Arboretum of Art Graces Nebraska City

By Jenni Brant

The conversations about tackling a public art project in Nebraska City, Neb., began in 2010 when the town adopted the new branding of “Arbor Day’s Hometown—Where Great Ideas Grow.” With support from the community, a grassroots effort led by volunteer representatives from local arts organizations, the public school board, area tourism and economic development, city government and others launch­ed and steered the project, entitled “An Enchanted Arboretum,” toward realization. Area foundations and organizations, including The Paul, John, Anton & Doris Wirth Foundation; the Karl H. & Wealtha H. Nelson Family Foundation; the Kropp Char­itable Founda­tion, Inc.; the City of Ne­braska City (LB840 Funds); Rotary Club No. 2090 and United Way of Nebraska City, donated generously to build and ensure necessary funding for the project.

Great American Comedy Festival: Six Years and Thriving

By Kandra Hahn

Driving west to Divots event center in Norfolk at 9 p.m., the sun was still lighting up the horizon. It had been a stormy late afternoon with a patchwork of Watches and Warnings—flash floods, thunderstorms and tornadoes—that had now mostly moved east.

It was Friday, June 14, 2013, building toward the end of the sixth Great American Comedy Festival in this north-central Nebraska town. The sky often puts on a spectacular show for the comedians who compete to come here from all over the nation. Away from Omaha and Lincoln, there is a wide horizon and the sky seems prone to show off in June, in colors of gray, green and pink. In return, the comedians put on a spectacular show.

I have lived on these wild plains my whole life, and I have been looking up warily all evening, checking to see if tails are trailing down from the banks of clouds above. At dinner I kept glancing out the window as I read about the “Future Stars” of comedy and those returning after a year of polishing their credentials to host and support the show.

Hastings Symphony Soon to Celebrate 90th Consecutive Season

By Liz Case

In 2016, a mere three years from now, the Hastings Symphony Orchestra will be celebrating its 90th consecutive season of performance in Hastings, Neb. Not many orchestras, large or small, can make this claim; Hastings even boasts one of the oldest continuous orchestras in the United States. So how has this small group lasted so long? In short, dedication. Unlike most orchestras, HSO could afford to continue during the Great Depression because it was largely run by volunteers. Today the roughly 70 members remain involved not for the money but for the experience itself. They largely consider every Thursday rehearsal and Sunday concert worthwhile—even those who drive from Lincoln and Omaha to attend.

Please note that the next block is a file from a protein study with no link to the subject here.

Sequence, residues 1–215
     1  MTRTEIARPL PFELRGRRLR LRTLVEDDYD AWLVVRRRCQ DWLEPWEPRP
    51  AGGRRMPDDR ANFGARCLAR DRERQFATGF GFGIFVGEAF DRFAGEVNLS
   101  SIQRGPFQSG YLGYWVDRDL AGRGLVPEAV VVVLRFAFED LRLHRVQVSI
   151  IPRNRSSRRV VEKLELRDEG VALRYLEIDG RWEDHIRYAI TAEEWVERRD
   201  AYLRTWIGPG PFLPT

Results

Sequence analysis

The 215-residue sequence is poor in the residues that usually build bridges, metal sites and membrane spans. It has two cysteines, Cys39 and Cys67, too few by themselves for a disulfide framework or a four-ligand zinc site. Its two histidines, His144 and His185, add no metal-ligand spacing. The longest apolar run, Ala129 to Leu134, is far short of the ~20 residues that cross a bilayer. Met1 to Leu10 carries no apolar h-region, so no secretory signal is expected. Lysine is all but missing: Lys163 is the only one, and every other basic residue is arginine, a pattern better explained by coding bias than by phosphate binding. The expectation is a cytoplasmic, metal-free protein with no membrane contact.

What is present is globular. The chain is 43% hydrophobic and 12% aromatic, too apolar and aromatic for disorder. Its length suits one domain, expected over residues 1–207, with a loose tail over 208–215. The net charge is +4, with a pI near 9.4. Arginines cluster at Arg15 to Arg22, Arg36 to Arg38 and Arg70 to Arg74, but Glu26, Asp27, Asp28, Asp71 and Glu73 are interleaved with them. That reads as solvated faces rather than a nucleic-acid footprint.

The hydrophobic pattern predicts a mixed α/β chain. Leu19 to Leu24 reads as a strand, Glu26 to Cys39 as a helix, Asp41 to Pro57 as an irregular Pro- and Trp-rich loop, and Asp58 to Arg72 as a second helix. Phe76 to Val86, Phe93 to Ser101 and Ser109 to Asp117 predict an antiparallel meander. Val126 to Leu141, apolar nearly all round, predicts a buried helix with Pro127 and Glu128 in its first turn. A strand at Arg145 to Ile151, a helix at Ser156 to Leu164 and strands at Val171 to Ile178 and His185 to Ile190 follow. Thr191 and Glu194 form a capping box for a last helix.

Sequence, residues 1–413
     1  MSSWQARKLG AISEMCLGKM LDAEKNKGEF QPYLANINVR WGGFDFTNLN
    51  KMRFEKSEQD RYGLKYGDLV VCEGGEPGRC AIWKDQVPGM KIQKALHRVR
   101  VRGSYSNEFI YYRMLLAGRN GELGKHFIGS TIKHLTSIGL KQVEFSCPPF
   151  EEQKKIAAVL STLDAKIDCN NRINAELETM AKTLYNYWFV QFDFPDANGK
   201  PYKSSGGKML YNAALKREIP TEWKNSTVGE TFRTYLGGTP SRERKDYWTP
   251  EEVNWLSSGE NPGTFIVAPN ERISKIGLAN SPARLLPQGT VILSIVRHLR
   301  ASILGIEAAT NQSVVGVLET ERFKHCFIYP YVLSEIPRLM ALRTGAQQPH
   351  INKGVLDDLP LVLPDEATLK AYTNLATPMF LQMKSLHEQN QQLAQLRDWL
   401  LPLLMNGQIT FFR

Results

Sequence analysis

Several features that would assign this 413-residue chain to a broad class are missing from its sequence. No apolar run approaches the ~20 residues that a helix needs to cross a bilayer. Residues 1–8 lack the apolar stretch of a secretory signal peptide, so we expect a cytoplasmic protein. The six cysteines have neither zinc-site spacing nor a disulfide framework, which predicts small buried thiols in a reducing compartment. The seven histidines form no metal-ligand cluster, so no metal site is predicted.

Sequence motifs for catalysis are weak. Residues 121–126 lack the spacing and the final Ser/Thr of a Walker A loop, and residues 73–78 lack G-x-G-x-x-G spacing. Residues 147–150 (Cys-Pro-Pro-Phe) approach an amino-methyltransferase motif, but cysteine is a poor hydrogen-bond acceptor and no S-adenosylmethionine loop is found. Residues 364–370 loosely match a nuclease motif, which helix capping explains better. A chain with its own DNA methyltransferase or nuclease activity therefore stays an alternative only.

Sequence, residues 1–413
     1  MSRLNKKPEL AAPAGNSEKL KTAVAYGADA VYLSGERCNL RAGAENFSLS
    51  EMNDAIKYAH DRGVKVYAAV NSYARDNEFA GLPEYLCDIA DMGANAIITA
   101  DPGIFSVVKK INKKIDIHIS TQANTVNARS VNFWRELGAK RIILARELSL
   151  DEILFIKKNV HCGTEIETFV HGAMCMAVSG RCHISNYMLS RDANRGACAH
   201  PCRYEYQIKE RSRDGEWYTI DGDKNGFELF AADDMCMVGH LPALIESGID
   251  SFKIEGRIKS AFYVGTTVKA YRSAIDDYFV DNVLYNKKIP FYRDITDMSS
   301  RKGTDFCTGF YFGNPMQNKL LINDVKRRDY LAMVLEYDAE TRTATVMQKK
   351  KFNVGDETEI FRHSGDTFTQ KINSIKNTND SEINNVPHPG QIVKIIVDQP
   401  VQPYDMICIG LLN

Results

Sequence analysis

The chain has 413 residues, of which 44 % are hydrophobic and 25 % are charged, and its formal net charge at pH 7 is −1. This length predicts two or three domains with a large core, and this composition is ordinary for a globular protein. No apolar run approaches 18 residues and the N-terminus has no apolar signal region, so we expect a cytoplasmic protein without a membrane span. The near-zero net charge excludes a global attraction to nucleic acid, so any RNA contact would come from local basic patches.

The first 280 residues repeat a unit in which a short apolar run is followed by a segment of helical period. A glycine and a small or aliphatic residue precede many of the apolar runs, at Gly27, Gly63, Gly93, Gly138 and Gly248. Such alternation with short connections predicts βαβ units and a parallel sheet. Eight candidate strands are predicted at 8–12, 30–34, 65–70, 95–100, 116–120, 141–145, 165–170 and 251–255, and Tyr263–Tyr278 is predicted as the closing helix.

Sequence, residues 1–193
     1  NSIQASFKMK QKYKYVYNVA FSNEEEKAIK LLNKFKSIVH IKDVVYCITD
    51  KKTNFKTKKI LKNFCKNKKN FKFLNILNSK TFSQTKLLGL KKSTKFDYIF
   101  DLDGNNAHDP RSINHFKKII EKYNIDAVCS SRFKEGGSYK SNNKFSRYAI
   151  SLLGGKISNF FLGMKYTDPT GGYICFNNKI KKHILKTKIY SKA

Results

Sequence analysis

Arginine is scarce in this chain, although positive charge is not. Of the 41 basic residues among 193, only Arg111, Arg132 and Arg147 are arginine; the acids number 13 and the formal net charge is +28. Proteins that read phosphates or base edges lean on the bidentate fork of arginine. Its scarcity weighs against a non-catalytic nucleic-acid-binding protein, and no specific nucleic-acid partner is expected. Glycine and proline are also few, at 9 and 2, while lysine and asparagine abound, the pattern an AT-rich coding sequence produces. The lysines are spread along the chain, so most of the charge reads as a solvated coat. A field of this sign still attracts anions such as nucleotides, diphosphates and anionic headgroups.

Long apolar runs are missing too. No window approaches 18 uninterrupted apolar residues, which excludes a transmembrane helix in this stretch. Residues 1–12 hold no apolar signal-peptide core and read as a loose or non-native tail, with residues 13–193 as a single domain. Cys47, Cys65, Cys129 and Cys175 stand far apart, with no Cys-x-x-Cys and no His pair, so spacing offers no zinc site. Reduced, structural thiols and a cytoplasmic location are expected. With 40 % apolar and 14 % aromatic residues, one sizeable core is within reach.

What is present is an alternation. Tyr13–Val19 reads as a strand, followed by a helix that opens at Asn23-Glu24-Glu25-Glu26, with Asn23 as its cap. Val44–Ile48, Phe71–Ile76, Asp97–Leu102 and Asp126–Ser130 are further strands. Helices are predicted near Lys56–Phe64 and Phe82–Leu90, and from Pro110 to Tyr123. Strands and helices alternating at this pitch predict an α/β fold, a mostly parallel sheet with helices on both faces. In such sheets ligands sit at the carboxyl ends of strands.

Book Review: "Inferno" by Dan Brown

Review by Francis Moul

Author: Dan Brown
Publisher: Doubleday

It takes place mostly in one day, with quick travels from Florence and Venice in Italy to Istanbul, and eventually to Geneva. There are flashbacks to earlier times and situations, but the typical Dan Brown frenzied activity is pretty well contained in 24 hours in his latest book.

And what a jam-packed day it is. Robert Langford, Brown’s erstwhile hero in hugely popular books (see “The Da Vinci Code” and “Angels & Demons”), is here caught up in Dante Alighieri’s epic poem, “The Divine Comedy.” This is another blockbuster novel by Brown, sure to leap atop the best-seller list.

Sonny's Corner: Debating the Death Penalty - Again, Part Three

By Fran Kaye

There were new people this year, testifying against the death penalty. The National Coalition to Abolish the Death Penalty sent out a jaunty email, titled “Not Just for Liberals and Democrats” to recruit conservatives against capital punishment. Stacy Anderson, the current executive director of Nebraskans for Alternatives to the Death Penalty (the old name, Nebraskans Against the Death Penalty having been deemed too negative), comes from an evangelical religious tradition that in the past has entered the debate mostly to remind us, sternly, that their Bible demanded an eye for an eye.

Immigration in Nebraska